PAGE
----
German Parliament Calls Anti-Israel Boycott Movement ‘Anti-Semitic’

Germany stands with Israel. German, EU flags in Square of the Republic in Berlin. Illustrative. By Joshua Spurlock

The German Bundestag (parliament) condemned the anti-Israel “Boycott, Divestment and Sanctions” (BDS) movement in a non-binding resolution on Friday and called the “pattern of argument and methods” of the BDS movement “anti-Semitic”, according to a report by The New York Times. The article said the resolution—backed by multiple German political parties, including the ruling Christian Democratic Union party, compared the boycott of Israeli goods to Nazi boycotts against Jews.

A press release posted to the German parliament website further argued that organizations questioning Israel’s right to exist or projects backing the BDS movement should not be financially supported, according to a translation from German by Google Translate.

Israeli Prime Minister Benjamin Netanyahu called the German decision “important” in comments posted to Twitter by spokesman Ofir Gendelman. “I congratulate the German Bundestag on the important decision branding the boycott movement (BDS) as an anti-semitic movement and announcing that it is forbidden to fund it,” said a post to Gendelman’s Twitter feed. A follow-up tweet expressed the hope from Netanyahu that “this decision will bring about concrete steps and I call upon other countries to adopt similar legislation.”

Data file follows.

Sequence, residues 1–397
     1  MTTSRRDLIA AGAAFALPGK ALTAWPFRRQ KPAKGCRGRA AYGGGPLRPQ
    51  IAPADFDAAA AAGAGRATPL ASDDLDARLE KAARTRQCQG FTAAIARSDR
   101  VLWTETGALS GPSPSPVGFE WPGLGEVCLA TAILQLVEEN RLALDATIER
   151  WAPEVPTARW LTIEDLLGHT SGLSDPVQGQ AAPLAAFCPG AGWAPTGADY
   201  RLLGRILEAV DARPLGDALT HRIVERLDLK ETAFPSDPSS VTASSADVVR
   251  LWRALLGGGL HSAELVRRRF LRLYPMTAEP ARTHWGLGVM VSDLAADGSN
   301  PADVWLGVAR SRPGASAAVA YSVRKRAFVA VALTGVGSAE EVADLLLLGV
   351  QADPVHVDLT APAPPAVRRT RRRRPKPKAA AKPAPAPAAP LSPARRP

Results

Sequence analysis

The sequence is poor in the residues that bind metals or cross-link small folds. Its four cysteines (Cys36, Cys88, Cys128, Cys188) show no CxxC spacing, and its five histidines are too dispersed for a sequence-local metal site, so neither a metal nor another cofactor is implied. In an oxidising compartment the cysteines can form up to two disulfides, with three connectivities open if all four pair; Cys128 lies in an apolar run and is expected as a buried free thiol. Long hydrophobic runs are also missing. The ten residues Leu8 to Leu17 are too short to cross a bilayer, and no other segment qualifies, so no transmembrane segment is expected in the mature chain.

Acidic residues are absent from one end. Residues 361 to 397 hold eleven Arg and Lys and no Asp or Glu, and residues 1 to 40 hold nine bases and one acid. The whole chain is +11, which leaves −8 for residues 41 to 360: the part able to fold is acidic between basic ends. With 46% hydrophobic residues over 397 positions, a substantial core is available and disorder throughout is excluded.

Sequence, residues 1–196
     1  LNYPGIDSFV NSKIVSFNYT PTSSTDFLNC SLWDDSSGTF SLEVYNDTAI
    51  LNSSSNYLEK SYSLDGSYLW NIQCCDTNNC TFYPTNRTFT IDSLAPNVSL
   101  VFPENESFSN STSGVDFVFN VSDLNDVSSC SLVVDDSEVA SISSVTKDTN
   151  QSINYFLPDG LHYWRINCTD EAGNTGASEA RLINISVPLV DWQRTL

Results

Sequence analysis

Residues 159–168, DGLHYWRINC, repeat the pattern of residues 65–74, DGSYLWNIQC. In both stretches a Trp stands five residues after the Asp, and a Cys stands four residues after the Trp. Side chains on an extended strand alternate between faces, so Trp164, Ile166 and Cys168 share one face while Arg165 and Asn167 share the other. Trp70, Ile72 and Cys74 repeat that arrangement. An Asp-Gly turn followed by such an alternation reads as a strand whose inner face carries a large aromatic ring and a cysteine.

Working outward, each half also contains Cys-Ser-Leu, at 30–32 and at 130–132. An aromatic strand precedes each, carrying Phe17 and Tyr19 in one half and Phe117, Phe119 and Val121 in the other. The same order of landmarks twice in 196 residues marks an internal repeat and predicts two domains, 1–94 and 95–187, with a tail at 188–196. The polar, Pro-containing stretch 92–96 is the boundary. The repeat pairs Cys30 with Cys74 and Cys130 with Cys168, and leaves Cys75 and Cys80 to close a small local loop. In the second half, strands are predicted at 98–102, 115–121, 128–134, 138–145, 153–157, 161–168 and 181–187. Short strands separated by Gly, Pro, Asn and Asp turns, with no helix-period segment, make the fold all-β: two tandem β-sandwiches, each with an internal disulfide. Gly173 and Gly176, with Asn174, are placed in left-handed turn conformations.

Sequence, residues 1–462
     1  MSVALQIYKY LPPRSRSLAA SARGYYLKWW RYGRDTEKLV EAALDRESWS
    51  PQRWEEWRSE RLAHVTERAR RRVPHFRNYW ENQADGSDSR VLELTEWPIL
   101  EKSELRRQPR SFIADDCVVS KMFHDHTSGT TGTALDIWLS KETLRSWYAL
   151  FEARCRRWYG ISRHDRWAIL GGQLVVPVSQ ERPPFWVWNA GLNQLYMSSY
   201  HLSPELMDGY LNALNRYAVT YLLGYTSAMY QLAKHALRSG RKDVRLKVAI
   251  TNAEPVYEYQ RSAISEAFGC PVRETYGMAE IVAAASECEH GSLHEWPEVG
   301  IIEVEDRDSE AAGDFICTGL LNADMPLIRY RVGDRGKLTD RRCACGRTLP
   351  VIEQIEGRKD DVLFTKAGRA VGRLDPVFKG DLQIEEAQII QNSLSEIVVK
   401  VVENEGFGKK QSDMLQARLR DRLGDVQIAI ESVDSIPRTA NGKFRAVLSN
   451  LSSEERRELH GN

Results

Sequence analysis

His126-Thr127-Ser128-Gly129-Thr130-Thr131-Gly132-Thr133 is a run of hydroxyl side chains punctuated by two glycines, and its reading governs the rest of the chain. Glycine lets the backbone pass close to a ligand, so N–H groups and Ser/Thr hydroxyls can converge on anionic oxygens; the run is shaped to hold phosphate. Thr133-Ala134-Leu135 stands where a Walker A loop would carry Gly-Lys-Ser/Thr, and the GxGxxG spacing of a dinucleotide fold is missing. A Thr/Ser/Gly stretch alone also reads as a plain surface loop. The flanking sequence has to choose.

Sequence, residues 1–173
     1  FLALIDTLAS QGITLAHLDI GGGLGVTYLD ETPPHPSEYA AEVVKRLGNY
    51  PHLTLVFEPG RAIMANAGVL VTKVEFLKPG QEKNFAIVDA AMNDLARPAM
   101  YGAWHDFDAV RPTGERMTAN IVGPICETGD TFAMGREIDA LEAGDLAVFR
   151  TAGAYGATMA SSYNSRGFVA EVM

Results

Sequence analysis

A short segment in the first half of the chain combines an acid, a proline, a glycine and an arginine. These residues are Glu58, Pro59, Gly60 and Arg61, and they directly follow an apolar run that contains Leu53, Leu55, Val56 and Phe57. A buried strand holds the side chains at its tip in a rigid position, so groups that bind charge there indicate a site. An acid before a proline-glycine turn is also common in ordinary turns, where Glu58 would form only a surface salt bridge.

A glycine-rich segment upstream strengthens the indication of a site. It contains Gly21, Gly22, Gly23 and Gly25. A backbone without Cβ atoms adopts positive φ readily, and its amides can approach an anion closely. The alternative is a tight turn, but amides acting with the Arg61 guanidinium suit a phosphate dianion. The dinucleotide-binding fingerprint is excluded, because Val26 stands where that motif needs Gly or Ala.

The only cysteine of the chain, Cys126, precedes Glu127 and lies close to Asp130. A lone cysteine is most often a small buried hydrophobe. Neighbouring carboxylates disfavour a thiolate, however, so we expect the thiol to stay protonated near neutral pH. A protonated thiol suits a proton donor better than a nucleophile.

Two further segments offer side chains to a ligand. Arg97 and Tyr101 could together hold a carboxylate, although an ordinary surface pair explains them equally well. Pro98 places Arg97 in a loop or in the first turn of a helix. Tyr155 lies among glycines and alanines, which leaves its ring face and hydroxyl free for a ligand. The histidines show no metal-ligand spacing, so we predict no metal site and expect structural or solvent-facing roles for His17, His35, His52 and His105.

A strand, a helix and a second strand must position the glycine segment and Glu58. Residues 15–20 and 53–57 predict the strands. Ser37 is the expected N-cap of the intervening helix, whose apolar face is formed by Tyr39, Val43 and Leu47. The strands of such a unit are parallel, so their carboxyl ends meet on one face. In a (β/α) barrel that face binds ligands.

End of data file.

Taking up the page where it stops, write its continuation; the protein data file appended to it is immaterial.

Netanyahu wasn’t the only Israeli official pleased with the German move. The speaker for the Israeli Knesset (parliament), Yuli Edelstein, thanked his German counterparts for their decision, also on Twitter. Edelstein tweeted his thanks for “the courageous and important decision! BDS is a dangerous, antisemitic movement. You are the first, but many others will follow in your footsteps.”

The BDS movement has long sought to damage Israel economically. The primary motivation behind the activities is ostensibly disagreement with Israel on handling the conflict with the Palestinians. However, it takes a one-sided and antagonistic approach towards Israel. The movement has been opposed by the United States and some leaders in Europe, with the Germans now officially believing it to be anti-Semitic.

They aren’t alone. United Kingdom Foreign Secretary Jeremy Hunt praised the Germans on Twitter for their stance, even as he backed the position that Israel should surrender land to the Palestinians to achieve peace. He tweeted, “Tremors, turbulence & terror in Mid East remind us of urgent need for peace: two-state solution. But the foundations for peace are respect & coexistence. Boycotting Israel—the world’s only Jewish state—is antisemitic. I salute Germany for taking stand.”

Furthermore, research by the Israeli Ministry of Public Security and Strategic Affairs found more than 100 links connecting terror groups Hamas and the Popular Front for the Liberation of Palestine (PFLP) with over a dozen organizations who promote the BDS movement against Israel.

That project—a report entitled “Terrorists in Suits” and highlighted in an Israeli press release in March—also noted that more than two-dozen members of the terrorist organizations—including 20 of whom have spent time in prison—have achieved senior positions within BDS-supporting groups.

(By Joshua Spurlock,, May 19, 2019)


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